According to representatives from Athena Bitcoin and Odyssey Group, by the end of 2018 Argentina will be host to 30 Bitcoin ATMs. That number will jump to about 150 early next year, and to more than 1,500 by the end of 2019. This crypto expansion into the South American country comes amid an economic crisis that has seen the value of it’s national currency, the peso, sink dramatically.
Bitcoin ATM Developers Race to Argentina
U.S.-based Athena Bitcoin, a company that specializes in the development and operation of cryptocurrency ATMs, launched Argentina’s first just a month ago in Buenos Aires.
Another U.S.-based company, Odyssey Group, said of the 150 ATMs it aims to install in the country by the end of the year, 80% of those will be operational within the first few months of 2019. The move will be Odyssey Group’s first foray into Latin America, but Reuters quotes the company as saying it is increasingly looking to expand its activities across the entire region.
Athena Bitcoin, on the other hand, already operates 12 ATMs in Colombia, as well as one in Mexico. Moving forward, the company intends to further develop its operations in Mexico and also expand operations to Chile and Brazil. A company spokesperson said the machines – which currently only allow customers to conduct Bitcoin transactions – will be modified in the future to permit transactions in other coins like Litecoin, Ethereum, and Bitcoin Cash.
Argentina is an ideal location for Bitcoin ATMs because inflation of it’s national currency — which has lost more than 50% of its value against the dollar so far in 2018 — is expected to exceed 40% by year’s end. And as NewsBTC reported last month, Charlie Bilello, director of research at New York-based investment advisory group Pension Partners, recently published findings on the returns of cryptocurrencies and fiat currencies which revealed something remarkable: this year Bitcoin has actually outperformed the Argentine peso — as well as the Venezuelan bolivar and the Sudanese pound.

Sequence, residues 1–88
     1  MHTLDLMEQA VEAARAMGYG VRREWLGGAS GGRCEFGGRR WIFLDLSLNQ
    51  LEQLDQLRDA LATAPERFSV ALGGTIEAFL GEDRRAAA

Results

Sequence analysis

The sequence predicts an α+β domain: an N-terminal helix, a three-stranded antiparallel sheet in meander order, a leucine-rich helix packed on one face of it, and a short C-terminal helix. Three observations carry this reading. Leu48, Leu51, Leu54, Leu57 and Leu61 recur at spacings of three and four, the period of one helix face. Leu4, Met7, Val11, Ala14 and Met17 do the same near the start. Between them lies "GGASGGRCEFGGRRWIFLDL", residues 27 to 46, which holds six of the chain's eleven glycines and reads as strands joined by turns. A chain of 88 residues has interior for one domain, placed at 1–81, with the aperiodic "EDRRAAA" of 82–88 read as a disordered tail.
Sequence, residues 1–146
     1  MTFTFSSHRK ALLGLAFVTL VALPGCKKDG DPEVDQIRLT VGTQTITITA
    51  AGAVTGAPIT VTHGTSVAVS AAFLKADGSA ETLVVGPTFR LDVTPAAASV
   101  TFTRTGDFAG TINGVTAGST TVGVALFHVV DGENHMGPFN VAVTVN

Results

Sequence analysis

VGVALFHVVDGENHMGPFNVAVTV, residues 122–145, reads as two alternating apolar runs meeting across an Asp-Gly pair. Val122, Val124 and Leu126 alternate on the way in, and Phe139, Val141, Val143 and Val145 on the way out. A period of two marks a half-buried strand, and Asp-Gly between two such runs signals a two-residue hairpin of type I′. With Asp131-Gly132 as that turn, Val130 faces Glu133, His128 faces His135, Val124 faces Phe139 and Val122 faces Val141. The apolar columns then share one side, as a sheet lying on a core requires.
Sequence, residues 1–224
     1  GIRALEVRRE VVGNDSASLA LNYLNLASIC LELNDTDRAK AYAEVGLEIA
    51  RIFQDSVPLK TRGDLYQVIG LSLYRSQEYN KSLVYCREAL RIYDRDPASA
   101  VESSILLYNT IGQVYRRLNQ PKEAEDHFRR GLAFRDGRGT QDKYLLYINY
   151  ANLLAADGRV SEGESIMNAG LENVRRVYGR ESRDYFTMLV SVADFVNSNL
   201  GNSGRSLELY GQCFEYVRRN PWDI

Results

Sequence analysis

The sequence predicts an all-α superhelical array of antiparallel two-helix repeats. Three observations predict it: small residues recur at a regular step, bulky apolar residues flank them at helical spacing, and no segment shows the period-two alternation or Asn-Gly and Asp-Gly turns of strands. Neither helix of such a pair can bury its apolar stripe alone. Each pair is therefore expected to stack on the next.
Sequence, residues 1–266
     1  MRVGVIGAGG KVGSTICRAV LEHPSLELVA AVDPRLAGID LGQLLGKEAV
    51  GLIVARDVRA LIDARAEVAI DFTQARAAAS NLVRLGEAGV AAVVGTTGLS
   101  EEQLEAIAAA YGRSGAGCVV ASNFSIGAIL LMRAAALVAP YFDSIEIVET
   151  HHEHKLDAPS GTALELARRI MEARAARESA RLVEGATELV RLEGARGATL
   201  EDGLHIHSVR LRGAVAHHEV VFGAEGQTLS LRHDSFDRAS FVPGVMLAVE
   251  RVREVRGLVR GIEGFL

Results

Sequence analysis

From Athena Bitcoin’s perspective this unfortunate economic situation presents a massive growth opportunity for the cryptocurrency industry, as noted by the company’s Argentina operations manager Dante Galeazzi:
“Today, the cryptocurrency ATMs in the world are growing exponentially. In Argentina, there were no commercial ATMs and the idea was to be the first to capture the market.”
ATM Visibility Only Set to Increase
In contrast to Athena Bitcoin’s machines, which only permit customers to buy and sell digital currencies, Odyssey Group’s ATMs will also be able to complete more traditional banking transactions including depositing and withdrawing cash and transferring money between accounts. These ATMs will be operated by Octagon, a company owned by Odyssey Group, and just a year from now they aim to have installed about 1,600 Bitcoin ATMs in the country, according to general manager Begona Perez De Solay.
This proposed spike in the number of Bitcoin ATMs is not just limited to the Southern Hemisphere, as Bitcoin ATMs are increasingly being seen in many major cities across the U.S. As NewsBTC reported this summer, the Virginian-Pilot estimates there to be 80 Bitcoin ATMs currently operating in Detroit, Michigan alone, and more than 2,000 others spread across the rest of the country.
Over the next 15 months, as Athena and Odyssey’s ATMs introduce crypto to more and more consumers across the globe, authorities will likely attempt to push back by claiming that the coins and ATMs can be used to launder money and/or conceal ill-gotten funds.
But Joe Ciccolo, founder of digital currency consultancy BitAML, claims that this association between money laundering and Bitcoin ATMs is an overrated and irrelevant concern. To reinforce this, he notes that ATMs enable operators to obtain customer information like a driver’s license or state ID number. ATMs can also enforce transaction controls such as daily limits per person and caps on transaction denominations.